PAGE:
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Netflix’s attempted monopolization of military-focused action movies continues with “Mosul,” which ticks many of the same boxes as the streaming service’s previous offerings. Like “Extraction,” “Mosul” is produced by the Russo Brothers and stars actor Adam Bessa. Like “6 Underground,” “Mosul” is set in the Middle East, in a country struggling for liberation against oppressive countrymen. And like both of those Netflix originals, plus the Morocco-set “Close,” “Mosul” is directed and written by a filmmaker who does not hail from the region of the world that is centered upon, and implicitly criticized by, these movies. All of that is to say that “Mosul” has the veneer of a certain kind of problematic thriller that others the very individuals whom its protagonists are saving.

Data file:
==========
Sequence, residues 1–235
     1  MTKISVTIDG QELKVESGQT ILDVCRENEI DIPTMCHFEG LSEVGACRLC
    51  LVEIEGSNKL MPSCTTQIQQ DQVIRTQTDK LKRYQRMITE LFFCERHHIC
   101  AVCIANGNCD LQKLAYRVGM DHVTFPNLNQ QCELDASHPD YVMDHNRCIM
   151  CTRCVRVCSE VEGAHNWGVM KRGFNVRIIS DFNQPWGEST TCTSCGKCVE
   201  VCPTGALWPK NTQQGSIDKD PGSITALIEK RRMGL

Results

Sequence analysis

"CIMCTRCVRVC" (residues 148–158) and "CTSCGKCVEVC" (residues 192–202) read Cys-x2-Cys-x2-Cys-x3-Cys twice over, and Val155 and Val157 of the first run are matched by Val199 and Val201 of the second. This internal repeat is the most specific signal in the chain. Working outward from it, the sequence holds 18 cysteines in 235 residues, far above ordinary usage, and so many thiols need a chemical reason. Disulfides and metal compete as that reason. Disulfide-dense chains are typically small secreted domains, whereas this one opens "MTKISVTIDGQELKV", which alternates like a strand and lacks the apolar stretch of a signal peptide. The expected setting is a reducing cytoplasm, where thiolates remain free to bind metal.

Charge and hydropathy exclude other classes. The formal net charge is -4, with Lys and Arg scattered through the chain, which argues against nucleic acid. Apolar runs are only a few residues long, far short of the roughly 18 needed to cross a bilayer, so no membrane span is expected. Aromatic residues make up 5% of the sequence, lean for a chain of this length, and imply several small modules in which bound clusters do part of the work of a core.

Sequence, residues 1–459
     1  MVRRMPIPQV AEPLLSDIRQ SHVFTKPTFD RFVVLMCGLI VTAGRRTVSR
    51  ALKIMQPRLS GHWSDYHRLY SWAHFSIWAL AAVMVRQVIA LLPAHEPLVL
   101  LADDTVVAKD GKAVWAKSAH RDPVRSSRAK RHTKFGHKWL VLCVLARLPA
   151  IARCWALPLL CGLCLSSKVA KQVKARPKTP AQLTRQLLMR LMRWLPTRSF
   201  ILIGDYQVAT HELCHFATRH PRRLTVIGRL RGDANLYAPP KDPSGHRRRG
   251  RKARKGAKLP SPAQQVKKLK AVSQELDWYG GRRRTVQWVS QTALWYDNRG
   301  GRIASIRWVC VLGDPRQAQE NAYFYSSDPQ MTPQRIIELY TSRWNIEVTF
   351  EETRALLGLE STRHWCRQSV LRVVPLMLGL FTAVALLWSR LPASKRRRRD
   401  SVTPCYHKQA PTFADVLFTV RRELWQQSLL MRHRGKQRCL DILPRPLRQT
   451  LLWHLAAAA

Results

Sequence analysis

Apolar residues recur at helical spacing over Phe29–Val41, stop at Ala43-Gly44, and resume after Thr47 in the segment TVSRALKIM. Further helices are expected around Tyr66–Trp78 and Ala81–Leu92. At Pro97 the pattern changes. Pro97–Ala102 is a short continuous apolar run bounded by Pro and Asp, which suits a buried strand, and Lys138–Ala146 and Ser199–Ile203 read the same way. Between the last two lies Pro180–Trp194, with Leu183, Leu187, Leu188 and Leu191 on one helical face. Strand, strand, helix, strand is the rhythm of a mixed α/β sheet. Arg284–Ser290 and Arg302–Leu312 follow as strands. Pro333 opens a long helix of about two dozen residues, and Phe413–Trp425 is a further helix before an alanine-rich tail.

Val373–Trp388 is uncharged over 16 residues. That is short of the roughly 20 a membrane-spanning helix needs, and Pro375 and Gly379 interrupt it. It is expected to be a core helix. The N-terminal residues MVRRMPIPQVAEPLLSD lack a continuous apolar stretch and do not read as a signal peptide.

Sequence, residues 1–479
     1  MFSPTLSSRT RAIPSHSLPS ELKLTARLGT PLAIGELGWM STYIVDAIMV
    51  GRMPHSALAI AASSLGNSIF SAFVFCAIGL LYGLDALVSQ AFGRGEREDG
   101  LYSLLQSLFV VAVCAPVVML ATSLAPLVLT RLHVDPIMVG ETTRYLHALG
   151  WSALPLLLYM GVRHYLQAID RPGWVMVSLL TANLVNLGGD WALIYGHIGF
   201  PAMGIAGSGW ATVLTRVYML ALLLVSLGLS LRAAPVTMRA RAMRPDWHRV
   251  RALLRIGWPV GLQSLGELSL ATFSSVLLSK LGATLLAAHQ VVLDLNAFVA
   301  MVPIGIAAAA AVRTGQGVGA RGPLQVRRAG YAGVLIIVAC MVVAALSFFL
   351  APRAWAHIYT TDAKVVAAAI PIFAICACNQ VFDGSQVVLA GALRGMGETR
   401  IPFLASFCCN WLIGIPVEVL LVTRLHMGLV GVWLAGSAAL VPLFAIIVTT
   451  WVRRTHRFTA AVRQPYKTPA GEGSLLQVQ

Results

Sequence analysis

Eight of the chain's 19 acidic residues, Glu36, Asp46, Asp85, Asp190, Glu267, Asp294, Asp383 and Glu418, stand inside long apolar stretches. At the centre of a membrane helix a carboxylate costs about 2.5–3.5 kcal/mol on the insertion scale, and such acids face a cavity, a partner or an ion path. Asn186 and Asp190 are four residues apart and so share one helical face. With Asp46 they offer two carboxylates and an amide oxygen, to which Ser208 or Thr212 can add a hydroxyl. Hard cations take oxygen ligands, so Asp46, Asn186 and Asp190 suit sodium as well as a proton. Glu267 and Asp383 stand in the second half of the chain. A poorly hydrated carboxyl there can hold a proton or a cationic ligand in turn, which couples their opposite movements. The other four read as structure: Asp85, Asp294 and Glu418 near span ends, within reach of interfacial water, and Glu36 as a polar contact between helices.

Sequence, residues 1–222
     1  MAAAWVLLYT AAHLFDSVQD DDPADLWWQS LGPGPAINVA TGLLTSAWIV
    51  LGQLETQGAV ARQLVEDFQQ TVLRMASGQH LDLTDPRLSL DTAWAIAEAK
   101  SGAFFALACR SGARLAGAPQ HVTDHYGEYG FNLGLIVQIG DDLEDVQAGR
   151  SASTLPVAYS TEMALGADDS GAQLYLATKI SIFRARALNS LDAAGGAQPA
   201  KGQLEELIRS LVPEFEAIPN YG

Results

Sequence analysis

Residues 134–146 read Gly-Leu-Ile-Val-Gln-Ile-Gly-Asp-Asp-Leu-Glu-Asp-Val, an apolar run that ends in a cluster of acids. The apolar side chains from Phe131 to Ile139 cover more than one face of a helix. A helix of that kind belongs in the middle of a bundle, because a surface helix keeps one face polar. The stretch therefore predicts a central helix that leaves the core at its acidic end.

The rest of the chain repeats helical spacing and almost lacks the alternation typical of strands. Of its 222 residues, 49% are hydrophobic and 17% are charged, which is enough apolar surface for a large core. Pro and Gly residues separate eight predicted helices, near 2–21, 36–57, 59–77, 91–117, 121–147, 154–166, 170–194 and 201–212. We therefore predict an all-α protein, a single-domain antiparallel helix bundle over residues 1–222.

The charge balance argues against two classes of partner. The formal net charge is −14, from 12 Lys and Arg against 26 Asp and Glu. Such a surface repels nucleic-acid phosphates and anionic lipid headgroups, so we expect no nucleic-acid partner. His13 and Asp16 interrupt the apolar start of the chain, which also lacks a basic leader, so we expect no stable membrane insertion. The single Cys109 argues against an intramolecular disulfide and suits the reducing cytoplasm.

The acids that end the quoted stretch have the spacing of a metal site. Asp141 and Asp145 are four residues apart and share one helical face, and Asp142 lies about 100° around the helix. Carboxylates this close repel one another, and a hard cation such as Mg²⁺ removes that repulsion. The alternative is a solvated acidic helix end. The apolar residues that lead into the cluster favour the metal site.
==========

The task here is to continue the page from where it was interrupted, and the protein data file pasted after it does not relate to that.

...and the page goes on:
But Matthew Michael Carnahan, whose script credits include “Dark Waters,” “World War Z,” and “21 Bridges,” avoids such white-savior tropes with his directorial debut, based on true events, about the Nineveh SWAT team in Mosul, Iraq. Pairing a refusal to extend any sympathy to the Islamic State with thoughtful, if somewhat underdeveloped, commentary about Iraq’s history and relationships with the United States, neighboring Iran, and onetime foe Kuwait, “Mosul” feels grounded in a tangible sense of place and time. Although the film sometimes relies on formulaic imagery to make plain the evils of the Islamic State (orphaned children, impregnated women), it makes up for that predictability with a gripping lead performance from Iraqi actor Suhail Dabbach. As the SWAT team leader Major Jasem, Dabbach is a steely-eyed patriarch, a man who believably switches between killing Islamic State fighters, urging his “sons” and comrades to drink water during their mission, and befriending a young boy they see wandering along a dirt road. Dabbach is the heart and soul of “Mosul,” making real the unbelievable loss Iraqis have suffered after decades of war and destruction—and the sliver of hope they still hold onto for a better life.